For years, Liberia fought a losing battle against the foreign vessels plundering its coastline. Then a bold new pproach sent fines – and arrests – soaring
Members of Liberia’s coastguard board a ship suspected of fishing illegally in the country’s waters. Photograph: Nicole Schafer/Sea ShepherdPetty officer George Kromah, of the Liberian coastguard, slings his AK47 across his back before disappearing over the side of the Sam Simon, joining his colleagues in the rib below. The boat roars off, quickly followed by a second, speeding through the choppy Atlantic swell in pursuit of a suspected illegal fishing vessel that has crossed into Liberia’s territorial waters from Sierra Leone.
Kromah and his fellow officers are on the frontline of the little nation’s ill-matched crackdown on fisheries crime – which Interpol has linked with the trafficking of drugs and people, as well as fraud and tax evasion.
Petty officer George Kromah issues a warning to the captain of the Oriental Kim, after finding irregularities with its licence. Photograph: Nicole Schafer/Sea Shepherd
The largely ungoverned waters of west Africa are plagued on a daily basis by big industrial vessels from wealthier nations that plunder hundreds of tonnes of fish, at the expense of local fisherman. One 2017 studyestimates the cost of illegal, unreported and unregulated fishing (IUU) to just six west African countries at $2.3bn (£1.8bn) a year. It is a cost that Liberia, one of the world’s poorest nations – and heavily dependent on foreign aid after decades of civil war – cannot afford.
But neither has it funds to police its 370km of coastline.
Two years ago, the defence ministry of this tiny country of 4.7 million people took an unusual step to tackle multi-million dollar crimes: partnering with Sea Shepherd, self-styled “eco-vigilantes”, known for controversial tactics against Japanese whalers in the Southern Ocean. The Guardian travelled with the coastguard aboard the Sam Simon, a 56-metre patrol vessel provided to the military, along with its largely volunteer crew.
The pursuit of the suspected illegal tuna boat, the Oriental Kim, ended undramatically with a warning rather than an arrest. It was found to be broadly operating legally, with some discrepancies. But according to Sea Shepherd, news of policing at sea has “spread like wildfire” among vessel owners, creating a deterrent effect.
Onboard, where crew are hosing down the Oriental Kim after hauling their morning catch of 10 tonnes of tuna, Kromah expresses satisfaction. “It was a good operation,” he says. “We did everything we could. The offences did not warrant an arrest but the next time, if they have not corrected the irregularities, they will be arrested.”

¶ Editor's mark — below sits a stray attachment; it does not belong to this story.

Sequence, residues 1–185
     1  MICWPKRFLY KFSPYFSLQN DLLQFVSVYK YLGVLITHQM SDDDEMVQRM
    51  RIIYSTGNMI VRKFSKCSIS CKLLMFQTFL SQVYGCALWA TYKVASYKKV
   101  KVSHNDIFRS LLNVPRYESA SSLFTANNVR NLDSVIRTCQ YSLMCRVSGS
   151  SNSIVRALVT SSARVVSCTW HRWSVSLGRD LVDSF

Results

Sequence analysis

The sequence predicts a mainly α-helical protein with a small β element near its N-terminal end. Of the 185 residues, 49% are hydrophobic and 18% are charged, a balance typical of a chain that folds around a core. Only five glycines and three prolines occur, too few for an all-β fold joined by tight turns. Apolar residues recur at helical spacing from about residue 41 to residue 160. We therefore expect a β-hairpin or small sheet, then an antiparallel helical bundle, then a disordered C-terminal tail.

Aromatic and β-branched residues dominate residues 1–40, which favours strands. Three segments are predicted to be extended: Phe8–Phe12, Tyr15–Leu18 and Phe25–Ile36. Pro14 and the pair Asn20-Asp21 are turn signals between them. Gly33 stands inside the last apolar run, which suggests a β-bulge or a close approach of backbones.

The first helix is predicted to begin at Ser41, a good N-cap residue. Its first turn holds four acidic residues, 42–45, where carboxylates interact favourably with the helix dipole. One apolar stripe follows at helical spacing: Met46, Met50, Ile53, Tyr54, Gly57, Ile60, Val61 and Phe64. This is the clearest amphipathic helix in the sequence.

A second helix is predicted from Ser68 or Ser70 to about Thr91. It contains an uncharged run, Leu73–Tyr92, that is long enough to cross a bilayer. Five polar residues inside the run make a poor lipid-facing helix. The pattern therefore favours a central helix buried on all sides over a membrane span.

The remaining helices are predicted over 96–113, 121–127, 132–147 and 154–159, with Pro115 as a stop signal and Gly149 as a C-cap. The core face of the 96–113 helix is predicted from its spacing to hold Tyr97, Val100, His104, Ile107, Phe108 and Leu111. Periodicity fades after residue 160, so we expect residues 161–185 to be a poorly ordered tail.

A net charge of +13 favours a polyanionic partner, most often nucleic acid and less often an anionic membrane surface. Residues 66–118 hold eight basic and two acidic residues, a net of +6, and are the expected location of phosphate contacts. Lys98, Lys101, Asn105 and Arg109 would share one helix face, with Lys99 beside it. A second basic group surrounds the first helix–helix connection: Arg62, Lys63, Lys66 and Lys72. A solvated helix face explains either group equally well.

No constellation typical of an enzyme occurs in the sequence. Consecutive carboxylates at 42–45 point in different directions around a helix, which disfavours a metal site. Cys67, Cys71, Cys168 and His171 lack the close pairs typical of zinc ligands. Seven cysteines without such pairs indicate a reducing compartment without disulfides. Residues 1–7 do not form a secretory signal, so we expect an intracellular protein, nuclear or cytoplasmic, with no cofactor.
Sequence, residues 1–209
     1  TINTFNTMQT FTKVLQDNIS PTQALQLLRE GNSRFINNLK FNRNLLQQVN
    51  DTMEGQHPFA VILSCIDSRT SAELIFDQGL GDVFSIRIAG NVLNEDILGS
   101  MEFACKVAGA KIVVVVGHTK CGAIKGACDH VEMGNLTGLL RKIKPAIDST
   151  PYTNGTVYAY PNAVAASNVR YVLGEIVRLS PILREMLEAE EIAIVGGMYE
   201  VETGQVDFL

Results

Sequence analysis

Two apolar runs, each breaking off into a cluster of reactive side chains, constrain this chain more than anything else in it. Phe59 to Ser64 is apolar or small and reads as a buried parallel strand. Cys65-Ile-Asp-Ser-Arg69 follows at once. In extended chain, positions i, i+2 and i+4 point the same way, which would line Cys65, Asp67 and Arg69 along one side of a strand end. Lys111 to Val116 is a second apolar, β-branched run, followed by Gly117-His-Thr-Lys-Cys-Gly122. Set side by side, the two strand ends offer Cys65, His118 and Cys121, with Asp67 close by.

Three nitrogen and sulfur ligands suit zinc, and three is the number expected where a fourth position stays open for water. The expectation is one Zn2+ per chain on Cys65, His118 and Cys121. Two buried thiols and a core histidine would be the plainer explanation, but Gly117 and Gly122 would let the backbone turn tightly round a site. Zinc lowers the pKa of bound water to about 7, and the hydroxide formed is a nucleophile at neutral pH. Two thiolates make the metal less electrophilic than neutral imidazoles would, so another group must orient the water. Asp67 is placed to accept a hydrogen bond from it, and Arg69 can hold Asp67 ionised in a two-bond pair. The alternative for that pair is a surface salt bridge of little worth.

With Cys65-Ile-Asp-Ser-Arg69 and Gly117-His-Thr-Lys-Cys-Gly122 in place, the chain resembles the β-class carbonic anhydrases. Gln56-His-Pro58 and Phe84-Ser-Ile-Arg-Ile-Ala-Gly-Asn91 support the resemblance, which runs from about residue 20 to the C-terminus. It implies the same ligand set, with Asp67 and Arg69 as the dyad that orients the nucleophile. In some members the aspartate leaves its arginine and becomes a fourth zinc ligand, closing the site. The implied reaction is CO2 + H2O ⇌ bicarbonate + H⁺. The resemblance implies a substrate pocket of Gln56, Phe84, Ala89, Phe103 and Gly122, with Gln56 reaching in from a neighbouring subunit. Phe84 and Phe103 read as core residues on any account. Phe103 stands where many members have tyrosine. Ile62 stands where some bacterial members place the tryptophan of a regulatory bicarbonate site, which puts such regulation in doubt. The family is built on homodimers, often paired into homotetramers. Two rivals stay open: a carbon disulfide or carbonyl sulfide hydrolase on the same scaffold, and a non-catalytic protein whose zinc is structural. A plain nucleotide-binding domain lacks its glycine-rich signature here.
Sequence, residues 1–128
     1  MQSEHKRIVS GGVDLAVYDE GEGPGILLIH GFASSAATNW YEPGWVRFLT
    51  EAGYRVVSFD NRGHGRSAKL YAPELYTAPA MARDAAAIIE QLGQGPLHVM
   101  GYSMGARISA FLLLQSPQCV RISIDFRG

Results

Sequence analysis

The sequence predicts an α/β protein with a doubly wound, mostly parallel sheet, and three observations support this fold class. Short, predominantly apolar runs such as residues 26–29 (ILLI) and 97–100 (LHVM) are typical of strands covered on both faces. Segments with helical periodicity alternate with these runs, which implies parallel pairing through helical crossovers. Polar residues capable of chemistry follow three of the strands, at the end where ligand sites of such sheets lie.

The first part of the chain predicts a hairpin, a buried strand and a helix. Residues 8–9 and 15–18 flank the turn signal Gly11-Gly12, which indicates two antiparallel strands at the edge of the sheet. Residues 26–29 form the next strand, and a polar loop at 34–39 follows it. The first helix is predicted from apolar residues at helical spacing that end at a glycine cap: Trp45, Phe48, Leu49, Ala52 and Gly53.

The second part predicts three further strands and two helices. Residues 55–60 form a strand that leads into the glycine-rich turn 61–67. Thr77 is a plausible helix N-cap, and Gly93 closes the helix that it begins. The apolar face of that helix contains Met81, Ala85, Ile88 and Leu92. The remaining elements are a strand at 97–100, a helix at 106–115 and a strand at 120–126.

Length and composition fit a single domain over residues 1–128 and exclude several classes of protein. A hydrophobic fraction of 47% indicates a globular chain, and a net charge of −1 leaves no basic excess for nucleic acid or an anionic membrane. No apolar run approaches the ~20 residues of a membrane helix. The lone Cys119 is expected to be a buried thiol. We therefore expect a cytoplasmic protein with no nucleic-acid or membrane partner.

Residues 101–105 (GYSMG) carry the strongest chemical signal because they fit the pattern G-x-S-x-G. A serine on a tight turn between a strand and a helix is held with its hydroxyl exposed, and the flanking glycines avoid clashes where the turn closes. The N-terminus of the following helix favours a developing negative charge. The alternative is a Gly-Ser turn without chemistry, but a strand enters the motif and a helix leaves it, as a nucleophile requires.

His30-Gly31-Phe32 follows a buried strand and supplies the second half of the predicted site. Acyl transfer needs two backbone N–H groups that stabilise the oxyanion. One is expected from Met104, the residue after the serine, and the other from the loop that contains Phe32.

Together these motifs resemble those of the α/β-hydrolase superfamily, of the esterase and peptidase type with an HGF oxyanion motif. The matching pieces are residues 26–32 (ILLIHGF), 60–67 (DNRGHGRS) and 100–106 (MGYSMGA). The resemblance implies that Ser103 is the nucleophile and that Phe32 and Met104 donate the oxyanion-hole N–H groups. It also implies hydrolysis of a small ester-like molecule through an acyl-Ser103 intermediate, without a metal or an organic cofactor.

A lot has changed since the partnership, known as Operation Sola Stella, began. “A lot of illegal things were going on before in the deep sea, but with our ships we could not get to them. Before, the fishermen didn’t want to get licences and they would just go to the deep sea and take anything they want. Now our water is safe.”
In the capital, Monrovia, Major General Prince Johnson, chief of staff for the commander of the Liberian Army, says: “We are losing a huge amount – millions of dollars – to illegal fishing.
“Since the coming in of Sea Shepherd, Liberia has benefitted a lot. Those who do illegal activities in our waters know they can no longer carry on.”
Data given to the Guardian by the Liberian MoD shows the impact the operation has had in just two years. Arrests have more than quadruped, the range of coastguard patrols have doubled, and the government has recovered at least a million dollars in fines.
In the seven years prior to Sola Stella, the coastguard made only three arrests. One of the vessels, South Korea-flagged Nine Star, remains rusting in Monrovia’s port after its owners abandoned it, leaving $1.5m in unpaid fines, in 2013.
But from February 2017 to January this year, arrests rose to 14. Among them were two internationally blacklisted vessels. The Hai Lung, an Antarctic and Patagonian toothfish vessel, was suspected of absconding from authorities in Nigerian waters, and found to have forged Indonesian documentation, while the Liberia-flagged Labiko 2 was blacklisted by three different organisations under its previous name, the Maine. The latter was using gill nets, instead of the long lines for which it had a licence, and was fishing for deep-water sharks.